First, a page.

“However, we need 50 percent higher thermal conductivity than mineral oils, and therefore, we may need to look at API Group V oils. In the future, it may be possible to take base oil that already has high thermal conductivity and enhance its thermal properties by adding nanoparticles,” he concluded.


Base Oil Effects


Afton Chemical’s Adam Banks, drive line marketing manager, and Yungwan Kwak, driveline research and development group leader, agreed with Gangopadhyay about the importance of thermal properties for lubricating EV drive trains.


“In simple terms, thermal conductivity is how quickly heat can be transferred. In lubrication, this determine show quickly heat can be taken away from a surface,” Banks explained. “Specific heat is how much thermal energy a fluid can hold,” which means a smaller amount of fluid with higher specific heat can take away more energy.


“The ability of the molecules to move around each other and their different ways to move and vibrate will determine these properties. This means that the molecular weight distribution, branching, saturation and purity will all have an influence,” he continued.


Kwak added, “Different base oils have their own chemical and physical properties, such as molecular structures, compositions and densities. Base oils that have higher molecular weight and relatively linear structure would provide higher thermal conductivity. Other base oils that have higher density and certain chemical functionality or structure that can absorb more heat energy by molecular motions would provide higher specific heat capacity.”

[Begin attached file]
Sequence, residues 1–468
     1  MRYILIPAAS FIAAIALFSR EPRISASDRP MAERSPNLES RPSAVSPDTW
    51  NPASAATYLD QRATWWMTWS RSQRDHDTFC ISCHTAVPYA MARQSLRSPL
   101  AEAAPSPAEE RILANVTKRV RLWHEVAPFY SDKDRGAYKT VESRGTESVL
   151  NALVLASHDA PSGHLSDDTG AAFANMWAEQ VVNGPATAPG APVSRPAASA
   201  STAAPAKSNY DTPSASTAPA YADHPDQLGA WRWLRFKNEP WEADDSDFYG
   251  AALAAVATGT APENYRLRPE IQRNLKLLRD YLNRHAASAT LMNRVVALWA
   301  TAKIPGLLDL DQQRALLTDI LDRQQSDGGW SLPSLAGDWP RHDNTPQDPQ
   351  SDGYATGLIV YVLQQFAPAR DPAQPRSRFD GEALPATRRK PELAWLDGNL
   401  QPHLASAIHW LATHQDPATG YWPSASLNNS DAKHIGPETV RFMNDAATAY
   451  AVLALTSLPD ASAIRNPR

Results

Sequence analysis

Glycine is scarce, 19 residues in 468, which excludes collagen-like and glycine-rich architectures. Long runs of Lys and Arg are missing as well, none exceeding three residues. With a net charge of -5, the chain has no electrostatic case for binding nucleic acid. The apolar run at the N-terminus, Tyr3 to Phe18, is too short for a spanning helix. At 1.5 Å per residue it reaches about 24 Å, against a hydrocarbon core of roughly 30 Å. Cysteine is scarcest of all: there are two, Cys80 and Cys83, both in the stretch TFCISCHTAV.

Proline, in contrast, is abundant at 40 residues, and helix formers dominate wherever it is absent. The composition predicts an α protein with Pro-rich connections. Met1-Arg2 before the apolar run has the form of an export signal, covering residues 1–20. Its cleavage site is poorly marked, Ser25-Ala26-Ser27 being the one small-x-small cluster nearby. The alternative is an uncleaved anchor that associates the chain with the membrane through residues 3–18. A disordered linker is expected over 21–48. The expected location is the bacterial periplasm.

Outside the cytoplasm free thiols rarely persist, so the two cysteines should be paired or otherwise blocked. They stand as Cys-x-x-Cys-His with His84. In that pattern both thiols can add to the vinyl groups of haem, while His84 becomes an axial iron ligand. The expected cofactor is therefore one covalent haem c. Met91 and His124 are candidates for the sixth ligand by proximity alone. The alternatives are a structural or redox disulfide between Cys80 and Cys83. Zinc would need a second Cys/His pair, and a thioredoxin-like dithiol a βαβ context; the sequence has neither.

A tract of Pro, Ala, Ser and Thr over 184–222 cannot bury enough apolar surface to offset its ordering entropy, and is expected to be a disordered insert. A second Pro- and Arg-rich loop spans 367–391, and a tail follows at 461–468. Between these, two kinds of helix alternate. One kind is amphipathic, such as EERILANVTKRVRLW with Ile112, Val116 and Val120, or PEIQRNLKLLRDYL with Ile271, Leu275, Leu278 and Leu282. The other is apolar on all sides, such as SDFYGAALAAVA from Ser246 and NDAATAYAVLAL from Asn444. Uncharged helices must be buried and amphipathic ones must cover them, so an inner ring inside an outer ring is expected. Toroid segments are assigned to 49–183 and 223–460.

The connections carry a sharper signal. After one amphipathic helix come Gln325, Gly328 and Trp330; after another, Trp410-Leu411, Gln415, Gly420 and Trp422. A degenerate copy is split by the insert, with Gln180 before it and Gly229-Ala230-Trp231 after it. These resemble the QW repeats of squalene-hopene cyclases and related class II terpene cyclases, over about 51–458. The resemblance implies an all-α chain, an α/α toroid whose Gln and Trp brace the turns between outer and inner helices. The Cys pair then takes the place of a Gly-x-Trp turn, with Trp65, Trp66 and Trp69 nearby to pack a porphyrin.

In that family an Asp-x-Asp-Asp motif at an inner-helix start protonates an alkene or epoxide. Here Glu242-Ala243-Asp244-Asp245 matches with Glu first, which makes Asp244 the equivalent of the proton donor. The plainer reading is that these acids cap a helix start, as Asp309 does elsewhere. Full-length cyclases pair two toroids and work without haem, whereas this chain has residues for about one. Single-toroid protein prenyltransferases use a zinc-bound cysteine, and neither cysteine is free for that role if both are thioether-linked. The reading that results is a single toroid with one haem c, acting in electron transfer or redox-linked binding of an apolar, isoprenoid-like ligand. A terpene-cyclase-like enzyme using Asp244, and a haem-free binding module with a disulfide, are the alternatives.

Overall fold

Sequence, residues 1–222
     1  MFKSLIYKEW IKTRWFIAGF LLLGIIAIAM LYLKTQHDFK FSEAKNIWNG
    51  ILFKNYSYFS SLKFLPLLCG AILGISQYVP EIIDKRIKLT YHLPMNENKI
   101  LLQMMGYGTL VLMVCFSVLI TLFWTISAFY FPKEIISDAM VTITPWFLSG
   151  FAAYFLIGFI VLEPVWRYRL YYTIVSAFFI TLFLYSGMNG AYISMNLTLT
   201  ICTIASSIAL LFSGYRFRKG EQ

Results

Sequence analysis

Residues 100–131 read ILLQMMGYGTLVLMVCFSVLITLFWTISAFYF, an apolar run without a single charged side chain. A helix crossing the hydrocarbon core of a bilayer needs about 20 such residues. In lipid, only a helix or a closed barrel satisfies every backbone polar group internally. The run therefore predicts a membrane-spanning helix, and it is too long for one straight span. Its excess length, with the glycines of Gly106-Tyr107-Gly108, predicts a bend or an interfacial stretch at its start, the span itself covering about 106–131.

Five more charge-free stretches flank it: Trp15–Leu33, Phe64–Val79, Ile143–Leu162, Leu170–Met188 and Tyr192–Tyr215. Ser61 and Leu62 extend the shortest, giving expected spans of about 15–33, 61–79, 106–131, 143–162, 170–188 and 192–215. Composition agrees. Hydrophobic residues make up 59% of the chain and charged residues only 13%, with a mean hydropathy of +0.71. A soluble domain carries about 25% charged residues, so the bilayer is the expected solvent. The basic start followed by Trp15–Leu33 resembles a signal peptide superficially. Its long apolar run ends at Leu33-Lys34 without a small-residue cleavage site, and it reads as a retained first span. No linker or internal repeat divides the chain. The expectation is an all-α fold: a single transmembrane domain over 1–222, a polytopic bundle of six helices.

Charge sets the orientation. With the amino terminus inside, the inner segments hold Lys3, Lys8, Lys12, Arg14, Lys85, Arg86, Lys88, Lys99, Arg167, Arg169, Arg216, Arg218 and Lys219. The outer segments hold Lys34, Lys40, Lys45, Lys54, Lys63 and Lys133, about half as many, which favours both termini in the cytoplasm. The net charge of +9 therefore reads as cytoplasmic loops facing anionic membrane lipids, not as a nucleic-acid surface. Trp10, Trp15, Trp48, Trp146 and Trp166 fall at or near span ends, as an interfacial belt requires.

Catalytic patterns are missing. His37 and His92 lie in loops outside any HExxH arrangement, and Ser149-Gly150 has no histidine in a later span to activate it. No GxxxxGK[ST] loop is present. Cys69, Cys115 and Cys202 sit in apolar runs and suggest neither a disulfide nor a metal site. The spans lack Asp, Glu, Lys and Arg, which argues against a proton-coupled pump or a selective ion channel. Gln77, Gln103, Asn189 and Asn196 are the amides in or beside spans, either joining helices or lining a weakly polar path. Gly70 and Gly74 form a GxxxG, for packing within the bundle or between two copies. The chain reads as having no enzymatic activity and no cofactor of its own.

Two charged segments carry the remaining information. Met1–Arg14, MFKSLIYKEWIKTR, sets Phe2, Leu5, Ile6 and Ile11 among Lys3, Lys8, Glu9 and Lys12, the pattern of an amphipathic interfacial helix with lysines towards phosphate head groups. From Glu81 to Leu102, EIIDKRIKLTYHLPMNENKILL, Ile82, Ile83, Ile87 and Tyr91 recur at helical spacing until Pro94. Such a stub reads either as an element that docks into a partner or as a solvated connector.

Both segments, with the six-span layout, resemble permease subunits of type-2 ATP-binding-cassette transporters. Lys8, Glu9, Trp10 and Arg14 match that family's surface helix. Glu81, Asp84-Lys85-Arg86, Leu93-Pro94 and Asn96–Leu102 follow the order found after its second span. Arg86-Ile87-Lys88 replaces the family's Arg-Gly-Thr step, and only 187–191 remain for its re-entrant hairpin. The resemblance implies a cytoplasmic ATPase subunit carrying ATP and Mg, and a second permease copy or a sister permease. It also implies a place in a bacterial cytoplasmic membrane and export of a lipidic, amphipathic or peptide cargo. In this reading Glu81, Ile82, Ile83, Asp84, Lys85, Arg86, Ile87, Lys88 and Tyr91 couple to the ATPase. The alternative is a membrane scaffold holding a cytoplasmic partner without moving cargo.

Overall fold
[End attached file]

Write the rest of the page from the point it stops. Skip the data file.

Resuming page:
In a comparison of mineral and synthetic base oils, Afton found that in general, synthetics like polyalphaolefin have better thermal properties such as high thermal conductivity, specific heat capacity and thermal diffusivity, Kwak reported. “However, when viscosity was considered, it became a different story: 2centistoke mineral base oil from the additive, but between one additive or another, this is small. However, additives can help prevent oxidation, which allows the fluid to resist degradation from heat overtime, allowing it to retain good thermal properties that could otherwise be diminished,” he observed.


On the other hand, Banks noted, “Additives have a large effect on the lubricant electrical conductivity. This is because many of the additives are polar and surface-active to do their job. We have found in their laboratory, connected it to an AC drive and DC absorbing dynamometer, and measured torque output and rotor speeds. Motor efficiency was comparable for two commercial ATFs, possibly because their viscosities were similar. Viscosity index seemed to be less significant in these e-axles than in ICE transmission gearboxes.